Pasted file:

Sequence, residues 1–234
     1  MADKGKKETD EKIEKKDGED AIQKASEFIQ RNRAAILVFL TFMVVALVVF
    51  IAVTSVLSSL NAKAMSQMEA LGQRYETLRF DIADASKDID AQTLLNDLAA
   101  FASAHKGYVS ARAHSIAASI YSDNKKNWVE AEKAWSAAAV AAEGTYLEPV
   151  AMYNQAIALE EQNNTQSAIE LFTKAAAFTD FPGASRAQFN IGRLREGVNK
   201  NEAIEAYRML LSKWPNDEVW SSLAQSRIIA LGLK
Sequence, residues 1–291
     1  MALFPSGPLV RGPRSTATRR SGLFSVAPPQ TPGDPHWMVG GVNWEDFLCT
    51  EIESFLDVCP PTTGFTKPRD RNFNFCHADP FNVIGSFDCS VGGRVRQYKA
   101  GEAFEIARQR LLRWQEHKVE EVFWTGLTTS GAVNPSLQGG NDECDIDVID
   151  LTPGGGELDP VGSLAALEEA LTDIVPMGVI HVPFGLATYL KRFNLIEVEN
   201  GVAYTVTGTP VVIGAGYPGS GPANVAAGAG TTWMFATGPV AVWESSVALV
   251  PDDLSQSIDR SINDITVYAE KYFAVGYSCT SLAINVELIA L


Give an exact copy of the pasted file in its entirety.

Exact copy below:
Sequence, residues 1–234
     1  MADKGKKETD EKIEKKDGED AIQKASEFIQ RNRAAILVFL TFMVVALVVF
    51  IAVTSVLSSL NAKAMSQMEA LGQRYETLRF DIADASKDID AQTLLNDLAA
   101  FASAHKGYVS ARAHSIAASI YSDNKKNWVE AEKAWSAAAV AAEGTYLEPV
   151  AMYNQAIALE EQNNTQSAIE LFTKAAAFTD FPGASRAQFN IGRLREGVNK
   201  NEAIEAYRML LSKWPNDEVW SSLAQSRIIA LGLK
Sequence, residues 1–291
     1  MALFPSGPLV RGPRSTATRR SGLFSVAPPQ TPGDPHWMVG GVNWEDFLCT
    51  EIESFLDVCP PTTGFTKPRD RNFNFCHADP FNVIGSFDCS VGGRVRQYKA
   101  GEAFEIARQR LLRWQEHKVE EVFWTGLTTS GAVNPSLQGG NDECDIDVID
   151  LTPGGGELDP VGSLAALEEA LTDIVPMGVI HVPFGLATYL KRFNLIEVEN
   201  GVAYTVTGTP VVIGAGYPGS GPANVAAGAG TTWMFATGPV AVWESSVALV
   251  PDDLSQSIDR SINDITVYAE KYFAVGYSCT SLAINVELIA L